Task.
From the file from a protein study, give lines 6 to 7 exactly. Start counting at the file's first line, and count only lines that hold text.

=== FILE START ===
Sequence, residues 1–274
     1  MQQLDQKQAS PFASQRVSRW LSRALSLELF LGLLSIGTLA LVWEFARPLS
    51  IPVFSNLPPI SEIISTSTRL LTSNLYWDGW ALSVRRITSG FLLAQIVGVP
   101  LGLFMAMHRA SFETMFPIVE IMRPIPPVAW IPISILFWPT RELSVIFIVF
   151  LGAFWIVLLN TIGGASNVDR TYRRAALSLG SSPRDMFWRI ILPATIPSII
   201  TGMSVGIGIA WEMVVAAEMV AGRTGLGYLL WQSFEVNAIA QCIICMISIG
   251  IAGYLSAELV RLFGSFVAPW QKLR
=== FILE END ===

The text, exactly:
   201  TGMSVGIGIA WEMVVAAEMV AGRTGLGYLL WQSFEVNAIA QCIICMISIG
   251  IAGYLSAELV RLFGSFVAPW QKLR